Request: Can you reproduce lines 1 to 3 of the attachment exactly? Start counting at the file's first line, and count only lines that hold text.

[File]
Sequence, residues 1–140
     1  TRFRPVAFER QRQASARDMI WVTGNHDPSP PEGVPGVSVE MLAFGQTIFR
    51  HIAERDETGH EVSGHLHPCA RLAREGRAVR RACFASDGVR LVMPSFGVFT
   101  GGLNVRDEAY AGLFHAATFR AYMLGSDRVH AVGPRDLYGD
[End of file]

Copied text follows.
Sequence, residues 1–140
     1  TRFRPVAFER QRQASARDMI WVTGNHDPSP PEGVPGVSVE MLAFGQTIFR
    51  HIAERDETGH EVSGHLHPCA RLAREGRAVR RACFASDGVR LVMPSFGVFT